Be smart with your money. Get the latest investing insights delivered right to your inbox three times a week, with the Globe Investor newsletter. Sign up today.

Your Globe

Build your personal news feed

  1. Follow topics and authors relevant to your reading interests.
  2. Check your Following feed daily, and never miss an article. Access your Following feed from your account menu at the top right corner of every page.

Follow topics related to this article:

View more suggestions in Following Read more about following topics and authors
Report an error
Due to technical reasons, we have temporarily removed commenting from our articles. We hope to have this fixed soon. Thank you for your patience. If you are looking to give feedback on our new site, please send it along to feedback@globeandmail.com. If you want to write a letter to the editor, please forward to letters@globeandmail.com.

Welcome to The Globe and Mail’s comment community. This is a space where subscribers can engage with each other and Globe staff. Non-subscribers can read and sort comments but will not be able to engage with them in any way. Click here to subscribe.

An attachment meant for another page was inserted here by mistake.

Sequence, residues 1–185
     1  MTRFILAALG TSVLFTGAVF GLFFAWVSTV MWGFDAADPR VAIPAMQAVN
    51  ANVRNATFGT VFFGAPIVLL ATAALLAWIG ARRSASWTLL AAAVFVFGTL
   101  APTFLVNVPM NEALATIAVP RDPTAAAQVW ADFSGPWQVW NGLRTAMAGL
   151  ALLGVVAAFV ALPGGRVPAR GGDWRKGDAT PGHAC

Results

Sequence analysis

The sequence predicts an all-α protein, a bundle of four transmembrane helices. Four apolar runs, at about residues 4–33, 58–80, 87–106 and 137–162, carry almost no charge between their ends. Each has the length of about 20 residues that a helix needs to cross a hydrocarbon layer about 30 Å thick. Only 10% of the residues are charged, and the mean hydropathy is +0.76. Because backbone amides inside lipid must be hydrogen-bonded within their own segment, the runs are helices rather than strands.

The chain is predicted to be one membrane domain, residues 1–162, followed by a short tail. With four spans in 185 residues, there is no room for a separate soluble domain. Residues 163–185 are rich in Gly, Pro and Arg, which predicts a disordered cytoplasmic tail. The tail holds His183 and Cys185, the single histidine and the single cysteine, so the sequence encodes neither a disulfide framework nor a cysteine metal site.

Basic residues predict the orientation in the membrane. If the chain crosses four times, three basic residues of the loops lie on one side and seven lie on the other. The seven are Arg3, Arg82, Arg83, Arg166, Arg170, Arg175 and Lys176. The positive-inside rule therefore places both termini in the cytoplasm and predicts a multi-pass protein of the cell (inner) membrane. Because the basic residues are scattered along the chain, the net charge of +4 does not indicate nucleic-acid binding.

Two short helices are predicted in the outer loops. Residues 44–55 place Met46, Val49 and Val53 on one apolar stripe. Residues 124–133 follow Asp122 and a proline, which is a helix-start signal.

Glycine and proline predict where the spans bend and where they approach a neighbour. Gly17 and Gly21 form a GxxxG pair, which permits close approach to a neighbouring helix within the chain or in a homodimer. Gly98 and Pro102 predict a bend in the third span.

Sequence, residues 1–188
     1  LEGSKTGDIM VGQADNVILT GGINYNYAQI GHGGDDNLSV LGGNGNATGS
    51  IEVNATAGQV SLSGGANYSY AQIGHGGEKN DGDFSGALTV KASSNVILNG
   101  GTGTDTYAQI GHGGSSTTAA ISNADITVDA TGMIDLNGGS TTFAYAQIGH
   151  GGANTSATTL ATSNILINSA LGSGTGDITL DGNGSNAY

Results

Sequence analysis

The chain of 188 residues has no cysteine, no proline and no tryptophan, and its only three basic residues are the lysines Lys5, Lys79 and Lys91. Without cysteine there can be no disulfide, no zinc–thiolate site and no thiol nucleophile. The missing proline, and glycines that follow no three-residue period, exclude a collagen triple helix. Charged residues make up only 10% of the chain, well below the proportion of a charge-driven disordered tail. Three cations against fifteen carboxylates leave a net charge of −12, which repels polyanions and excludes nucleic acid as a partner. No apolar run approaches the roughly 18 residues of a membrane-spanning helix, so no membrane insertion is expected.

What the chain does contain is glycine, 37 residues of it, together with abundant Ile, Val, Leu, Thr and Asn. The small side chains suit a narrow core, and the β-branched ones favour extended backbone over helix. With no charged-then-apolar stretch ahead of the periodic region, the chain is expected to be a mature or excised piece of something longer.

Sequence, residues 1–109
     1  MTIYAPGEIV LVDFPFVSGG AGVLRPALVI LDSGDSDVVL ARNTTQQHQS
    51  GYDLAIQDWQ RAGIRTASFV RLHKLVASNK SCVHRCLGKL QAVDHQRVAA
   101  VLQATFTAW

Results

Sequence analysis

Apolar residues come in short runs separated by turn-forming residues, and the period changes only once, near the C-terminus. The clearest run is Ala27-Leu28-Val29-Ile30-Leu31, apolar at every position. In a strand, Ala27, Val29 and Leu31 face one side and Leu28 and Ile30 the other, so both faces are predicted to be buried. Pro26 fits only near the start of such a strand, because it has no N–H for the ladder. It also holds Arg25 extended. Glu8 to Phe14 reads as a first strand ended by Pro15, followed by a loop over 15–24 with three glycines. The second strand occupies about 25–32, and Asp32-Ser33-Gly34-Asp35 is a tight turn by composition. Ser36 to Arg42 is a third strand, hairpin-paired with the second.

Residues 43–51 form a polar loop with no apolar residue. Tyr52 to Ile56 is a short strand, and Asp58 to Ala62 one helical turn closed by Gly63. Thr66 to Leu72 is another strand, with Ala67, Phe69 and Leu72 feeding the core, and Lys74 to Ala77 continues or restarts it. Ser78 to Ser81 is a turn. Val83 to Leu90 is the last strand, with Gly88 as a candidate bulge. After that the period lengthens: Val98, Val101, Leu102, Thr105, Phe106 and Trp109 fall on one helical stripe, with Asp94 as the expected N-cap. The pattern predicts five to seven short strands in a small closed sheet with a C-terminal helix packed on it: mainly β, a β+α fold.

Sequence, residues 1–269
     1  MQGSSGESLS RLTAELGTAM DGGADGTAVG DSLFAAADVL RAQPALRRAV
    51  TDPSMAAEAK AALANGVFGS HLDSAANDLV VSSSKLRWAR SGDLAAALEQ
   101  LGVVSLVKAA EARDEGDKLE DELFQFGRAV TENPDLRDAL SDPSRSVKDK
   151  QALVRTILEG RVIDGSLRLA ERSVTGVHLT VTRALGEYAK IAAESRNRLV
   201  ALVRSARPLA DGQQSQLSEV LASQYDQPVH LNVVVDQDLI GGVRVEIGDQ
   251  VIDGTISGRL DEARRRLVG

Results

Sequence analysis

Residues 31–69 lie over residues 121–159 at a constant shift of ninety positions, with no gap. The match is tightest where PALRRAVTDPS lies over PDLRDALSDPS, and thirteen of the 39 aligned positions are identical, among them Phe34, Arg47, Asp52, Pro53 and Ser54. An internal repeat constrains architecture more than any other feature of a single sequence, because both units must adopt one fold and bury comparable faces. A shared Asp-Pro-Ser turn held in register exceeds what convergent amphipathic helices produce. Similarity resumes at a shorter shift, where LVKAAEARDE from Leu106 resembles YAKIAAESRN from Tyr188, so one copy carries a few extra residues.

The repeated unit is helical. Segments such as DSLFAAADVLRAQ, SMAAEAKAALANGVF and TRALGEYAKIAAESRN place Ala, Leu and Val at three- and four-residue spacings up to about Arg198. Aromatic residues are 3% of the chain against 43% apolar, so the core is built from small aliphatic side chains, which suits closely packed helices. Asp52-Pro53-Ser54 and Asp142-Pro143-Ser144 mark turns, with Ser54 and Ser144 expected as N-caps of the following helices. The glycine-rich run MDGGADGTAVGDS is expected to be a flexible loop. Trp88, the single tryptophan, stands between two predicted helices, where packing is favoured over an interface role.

If you would like to write a letter to the editor, please forward it to letters@globeandmail.com. Readers can also interact with The Globe on Facebook and Twitter .

Welcome to The Globe and Mail’s comment community. This is a space where subscribers can engage with each other and Globe staff. Non-subscribers can read and sort comments but will not be able to engage with them in any way. Click here to subscribe.

If you would like to write a letter to the editor, please forward it to letters@globeandmail.com. Readers can also interact with The Globe on Facebook and Twitter .

Welcome to The Globe and Mail’s comment community. This is a space where subscribers can engage with each other and Globe staff.

We aim to create a safe and valuable space for discussion and debate. That means:

  • Treat others as you wish to be treated
  • Criticize ideas, not people
  • Stay on topic
  • Avoid the use of toxic and offensive language
  • Flag bad behaviour

If you do not see your comment posted immediately, it is being reviewed by the moderation team and may appear shortly, generally within an hour.

We aim to have all comments reviewed in a timely manner.

Comments that violate our community guidelines will not be posted.

UPDATED: Read our community guidelines here

Discussion loading ...

To view this site properly, enable cookies in your browser. Read our privacy policy to learn more.
How to enable cookies